At the airport in San Francisco in July 2017, an Air Canada flight made a wrong-way landing and narrowly avoided colliding with four other aircraft.


On page 8 of a 27-page briefing, the pre-flight NOTAM highlighted the closure of one of the airport’s two runways, but the pilots failed to see it. The initiative to modify how the system functions were motivated by the event and the information overload pilots believe the system encourages.


At a 2018 hearing on the Air Canada incident, which assisted in igniting a worldwide campaign for change, U.S. National Transportation Safety Board Chairman Robert Sumwalt said that NOTAMs are just a bunch of garbage that nobody pays attention to.


In recent years, efforts to upgrade the system have involved FAA authorities.

Causes of the recent system outage:

Source; Daily Sabah


The event happened only a few weeks after huge cancellations due to bad weather over the holiday season. It caused an internal Southwest Airlines platform to become overloaded, leading to a days-long collapse that the airline estimates could have cost more than $800 million.


Due to the FAA’s outage, politicians from both parties have questions, which will probably result in hearings and discussions about increased money for the American aviation authority. Pete Buttigieg, the secretary of transportation, promised an investigation.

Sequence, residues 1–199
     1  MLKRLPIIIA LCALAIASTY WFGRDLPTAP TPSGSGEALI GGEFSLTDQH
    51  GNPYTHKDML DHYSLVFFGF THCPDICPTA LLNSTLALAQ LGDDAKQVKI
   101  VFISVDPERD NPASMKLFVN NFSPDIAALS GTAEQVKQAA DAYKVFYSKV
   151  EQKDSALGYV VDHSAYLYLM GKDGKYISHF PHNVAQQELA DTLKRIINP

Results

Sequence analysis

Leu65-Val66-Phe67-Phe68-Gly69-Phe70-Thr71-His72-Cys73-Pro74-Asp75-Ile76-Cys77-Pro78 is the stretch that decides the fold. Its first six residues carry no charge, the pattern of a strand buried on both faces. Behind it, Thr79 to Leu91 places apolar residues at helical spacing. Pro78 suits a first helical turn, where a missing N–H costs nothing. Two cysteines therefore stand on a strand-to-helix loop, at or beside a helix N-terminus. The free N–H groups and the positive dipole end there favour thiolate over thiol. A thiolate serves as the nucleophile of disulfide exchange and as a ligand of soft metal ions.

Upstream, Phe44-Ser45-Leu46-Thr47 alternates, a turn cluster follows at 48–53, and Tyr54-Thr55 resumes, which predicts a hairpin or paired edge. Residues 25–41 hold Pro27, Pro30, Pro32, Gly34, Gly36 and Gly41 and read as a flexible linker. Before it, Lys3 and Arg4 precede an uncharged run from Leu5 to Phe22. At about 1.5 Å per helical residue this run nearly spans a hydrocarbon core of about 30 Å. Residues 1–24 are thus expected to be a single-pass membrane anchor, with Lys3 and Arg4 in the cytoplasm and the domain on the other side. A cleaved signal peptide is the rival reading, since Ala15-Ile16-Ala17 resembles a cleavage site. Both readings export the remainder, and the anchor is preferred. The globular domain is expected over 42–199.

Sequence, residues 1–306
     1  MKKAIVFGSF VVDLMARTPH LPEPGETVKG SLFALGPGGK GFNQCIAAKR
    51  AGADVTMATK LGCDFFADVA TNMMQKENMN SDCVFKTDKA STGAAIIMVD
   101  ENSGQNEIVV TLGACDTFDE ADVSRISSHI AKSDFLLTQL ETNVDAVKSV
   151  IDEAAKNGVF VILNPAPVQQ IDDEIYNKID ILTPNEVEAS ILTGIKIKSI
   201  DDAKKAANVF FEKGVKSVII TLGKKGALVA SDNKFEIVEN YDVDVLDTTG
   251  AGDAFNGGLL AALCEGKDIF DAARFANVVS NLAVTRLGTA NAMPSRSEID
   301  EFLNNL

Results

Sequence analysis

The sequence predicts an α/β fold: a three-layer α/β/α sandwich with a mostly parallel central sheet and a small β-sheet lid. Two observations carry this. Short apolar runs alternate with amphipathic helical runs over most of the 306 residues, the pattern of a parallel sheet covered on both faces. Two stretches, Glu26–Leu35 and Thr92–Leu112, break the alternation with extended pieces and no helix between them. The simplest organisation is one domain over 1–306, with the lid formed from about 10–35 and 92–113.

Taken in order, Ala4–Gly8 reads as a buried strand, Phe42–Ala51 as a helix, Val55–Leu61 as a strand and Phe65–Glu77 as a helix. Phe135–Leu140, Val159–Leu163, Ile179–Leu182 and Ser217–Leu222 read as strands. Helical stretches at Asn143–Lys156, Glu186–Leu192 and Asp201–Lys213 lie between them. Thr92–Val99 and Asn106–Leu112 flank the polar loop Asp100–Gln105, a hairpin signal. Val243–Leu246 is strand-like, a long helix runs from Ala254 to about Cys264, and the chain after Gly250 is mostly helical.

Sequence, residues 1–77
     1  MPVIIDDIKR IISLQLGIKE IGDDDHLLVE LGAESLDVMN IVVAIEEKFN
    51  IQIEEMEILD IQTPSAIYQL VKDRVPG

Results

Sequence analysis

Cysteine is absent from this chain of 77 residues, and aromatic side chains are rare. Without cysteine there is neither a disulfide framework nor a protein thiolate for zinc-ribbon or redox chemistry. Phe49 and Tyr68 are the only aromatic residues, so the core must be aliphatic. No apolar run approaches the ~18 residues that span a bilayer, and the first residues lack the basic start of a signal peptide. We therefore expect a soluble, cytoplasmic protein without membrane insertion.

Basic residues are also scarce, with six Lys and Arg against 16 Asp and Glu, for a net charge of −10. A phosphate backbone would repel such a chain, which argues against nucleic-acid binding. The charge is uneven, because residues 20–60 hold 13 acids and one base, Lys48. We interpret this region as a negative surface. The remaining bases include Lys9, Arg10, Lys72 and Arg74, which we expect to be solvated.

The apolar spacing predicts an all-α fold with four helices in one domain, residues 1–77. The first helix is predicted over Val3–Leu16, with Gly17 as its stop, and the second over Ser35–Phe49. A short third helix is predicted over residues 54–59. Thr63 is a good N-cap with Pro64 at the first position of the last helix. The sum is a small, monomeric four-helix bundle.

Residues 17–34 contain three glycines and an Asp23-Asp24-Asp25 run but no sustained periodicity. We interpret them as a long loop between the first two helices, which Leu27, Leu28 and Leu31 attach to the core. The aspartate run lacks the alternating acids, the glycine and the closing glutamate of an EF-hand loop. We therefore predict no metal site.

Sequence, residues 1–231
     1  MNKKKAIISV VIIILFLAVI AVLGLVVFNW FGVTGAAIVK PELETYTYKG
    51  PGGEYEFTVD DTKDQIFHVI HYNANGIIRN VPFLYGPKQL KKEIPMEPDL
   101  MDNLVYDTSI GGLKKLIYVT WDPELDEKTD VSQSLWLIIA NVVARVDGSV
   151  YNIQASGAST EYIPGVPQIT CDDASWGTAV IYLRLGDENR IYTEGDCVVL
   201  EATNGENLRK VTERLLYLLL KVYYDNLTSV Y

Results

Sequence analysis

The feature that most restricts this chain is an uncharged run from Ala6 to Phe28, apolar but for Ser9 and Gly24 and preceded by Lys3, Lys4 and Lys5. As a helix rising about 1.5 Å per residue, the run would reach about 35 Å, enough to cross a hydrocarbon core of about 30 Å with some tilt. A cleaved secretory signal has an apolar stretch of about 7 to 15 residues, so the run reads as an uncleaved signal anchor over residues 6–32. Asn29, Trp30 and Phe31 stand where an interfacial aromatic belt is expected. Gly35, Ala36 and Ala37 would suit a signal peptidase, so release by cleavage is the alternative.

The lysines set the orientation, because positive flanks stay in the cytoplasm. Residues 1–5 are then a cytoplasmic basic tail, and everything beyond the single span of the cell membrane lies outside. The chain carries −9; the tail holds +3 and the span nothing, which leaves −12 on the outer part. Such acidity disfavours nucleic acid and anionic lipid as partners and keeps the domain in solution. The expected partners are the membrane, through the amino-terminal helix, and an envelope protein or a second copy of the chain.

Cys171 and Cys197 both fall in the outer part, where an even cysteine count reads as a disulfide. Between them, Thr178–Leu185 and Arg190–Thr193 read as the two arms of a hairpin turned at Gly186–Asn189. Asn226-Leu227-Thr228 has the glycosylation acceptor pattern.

“When there’s a problem with a government system, we’re going to own it, we’re going to find it, and we’re going to fix it,” Pete told reporters on Wednesday.


The FAA claimed there was no proof of a cyberattack. An individual who knows the situation claims that the faulty data file was given to the primary and backup systems.

The FAA stated late Wednesday that it was making “diligent efforts to identify the reasons for this issue further and take all necessary procedures to prevent this kind of interruption from happening again.”


To conclude, the actual causes of the system outage are yet to be found. The FAA is working on it. For more highlights on the recent FAA system outage in USA, reach out to TravelLuxCurator, a highly informative platform regarding all travel needs from visa to booking a ticket; you’ll get to know everything here.